Grey promise in life of socialism
MOTHERLAND Jo McMillan, R347
John Murray TAMWORTH is the kind of town that one would really rather sleep through on a train trip.
It has little to recommend it by way of beauty or charming local stores. It’s more like a town that just exists. The locals go down to the pub, they shop at the shopping centre and the general feeling that Jo McMillan paints of most of them is that they are rather like a flock of sheep bumbling along.
It certainly is not the kind of town where you would expect a raving socialist to live with her 13-year-old daughter Jess, but this is precisely where Eleanor finds herself.
A single mother, committed to her cause, standing once a week outside the butchery shop in the local co-op trying to sell copies of the Morning Star.
They don’t sell many, in fact they put up with a fair bit of insult from some of the locals. But the thing about Eleanor is that she just won’t give up. Not on the expectation of the promise of socialism, not on the promise of happiness.
She may not have much, but what she has makes her happy.
Jess has been slotted into being a sort of double for Eleanor, she goes to the local grammar school, but her extracurricular socialist activities don’t make her especially popular with the headmistress. But the Mitchells have been communists forever.
Motherland is several types of books in one. On the one level it is a book about the relationship between a mother with a cause and her daughter. On the other it is a coming-ofage book about Jess growing up. Then – frightening for some of us as this may seem – it’s a history book set in 1978.
East Germany still exists as a socialist state. The Berlin Wall still stands. For Eleanor it’s the Promised Land, the place where actual socialism works.
So when she is approached by an old party friend James to go to the country as an English tutor for the summer holidays Eleanor jumps at the chance.
Her enthusiasm for life draws her headfirst into throwing caution to the wind and embarking with Jess on the summer of a lifetime.
McMillan’s portrayal of the East Germany, which we all now know was a pretty grey and dismal place, manages to capture both the grim reality of it and overlay it as a place of wonderful achievement as seen through the eyes of Eleanor.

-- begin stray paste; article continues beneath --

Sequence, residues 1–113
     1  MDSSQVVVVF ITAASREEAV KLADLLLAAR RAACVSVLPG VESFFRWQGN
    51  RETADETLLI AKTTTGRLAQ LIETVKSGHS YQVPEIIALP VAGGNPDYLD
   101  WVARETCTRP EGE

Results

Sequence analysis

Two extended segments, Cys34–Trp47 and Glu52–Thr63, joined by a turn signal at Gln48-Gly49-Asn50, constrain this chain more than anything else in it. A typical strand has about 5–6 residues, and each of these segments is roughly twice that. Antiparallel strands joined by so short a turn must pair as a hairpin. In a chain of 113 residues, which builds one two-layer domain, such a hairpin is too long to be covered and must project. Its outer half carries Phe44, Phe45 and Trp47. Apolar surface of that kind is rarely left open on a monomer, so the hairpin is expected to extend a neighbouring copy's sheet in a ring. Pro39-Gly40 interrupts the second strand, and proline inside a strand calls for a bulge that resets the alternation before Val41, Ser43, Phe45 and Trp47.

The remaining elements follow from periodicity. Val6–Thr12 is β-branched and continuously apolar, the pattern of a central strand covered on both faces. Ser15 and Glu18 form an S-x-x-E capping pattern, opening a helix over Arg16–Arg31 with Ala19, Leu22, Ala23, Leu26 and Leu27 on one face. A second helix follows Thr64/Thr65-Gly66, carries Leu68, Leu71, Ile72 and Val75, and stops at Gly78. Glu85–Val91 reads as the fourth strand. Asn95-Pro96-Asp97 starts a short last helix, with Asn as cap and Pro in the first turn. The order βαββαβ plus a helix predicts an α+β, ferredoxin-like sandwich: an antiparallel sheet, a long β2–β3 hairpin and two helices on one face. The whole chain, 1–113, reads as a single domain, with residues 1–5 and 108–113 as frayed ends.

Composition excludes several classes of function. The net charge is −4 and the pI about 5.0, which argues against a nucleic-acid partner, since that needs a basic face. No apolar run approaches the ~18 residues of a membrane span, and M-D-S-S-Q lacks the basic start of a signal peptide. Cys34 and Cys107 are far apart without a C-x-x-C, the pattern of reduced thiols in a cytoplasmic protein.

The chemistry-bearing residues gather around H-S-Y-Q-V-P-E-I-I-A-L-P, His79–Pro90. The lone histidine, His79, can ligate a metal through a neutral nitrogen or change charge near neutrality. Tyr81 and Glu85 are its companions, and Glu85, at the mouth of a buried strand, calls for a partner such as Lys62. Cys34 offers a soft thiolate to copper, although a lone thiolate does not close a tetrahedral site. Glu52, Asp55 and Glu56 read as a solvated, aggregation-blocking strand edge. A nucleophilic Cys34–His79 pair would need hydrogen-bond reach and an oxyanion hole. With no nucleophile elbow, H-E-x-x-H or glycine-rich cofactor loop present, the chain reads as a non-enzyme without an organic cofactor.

Jess is drawn along through the plot and is happy to see her mother expanding her horizons and being rewarded for her commitment.
But there is the complication of Peter and his daughter Martina who is expected to arrive, but clearly is something of a wild card in the whole “we love socialism game”.
And here again the author pits two things against each other, Jess with her inborn belief in socialism and Martina who obliquely seems to be rejecting it. But we don’t get to find out who rejects what until the end of the novel.
The summer trips to East Germany become a regular feature of Eleanor and Jess’s lives. They begin to develop relationships in the country and the author draws a poignant love story out of this story of political expectations and growing up.
But, as history tells us change comes and with change come shifts in relationships.
In some of the most sensitively written parts of this book the reader is exposed to what happens when a single mother and her daughter start to push against each other.
Yet the beauty of Motherland is that there are not great big screaming dramatic moments. Rather the reader is lead through life in Tamworth and life in East Germany, and Jess growing up and her mother growing in stature.
From the historical side McMillan paints a picture of a time of great political change by focusing on the greyness of a small town, and the grey drabness of East German summer schools.
Yes, there is drama but it is not the big political dramas that the author uses to make her point about change and growth, but rather small everyday moments that history is knitted together.
Motherland is a book that everyone who is interested in the end of the Cold War, in the effect it had on ordinary people in boring towns and dreary places had.
Eleanor will find romance even in betrayal because she has been raised to accept that working for the cause is what her life is about.
She will make her lists and her plans, and she will remain oblivious to betrayals because she is a good person, or as the right wing would have had it in those days a “useful idiot”. Except of course she isn’t an idiot but a person of principle who will stick to her work no matter what.
For Jess, the world will be a different place, but forever marked by her teen years.
It’s a well-structured and written novel with an elegance of the ordinary that makes it stand head and shoulders above most debut works.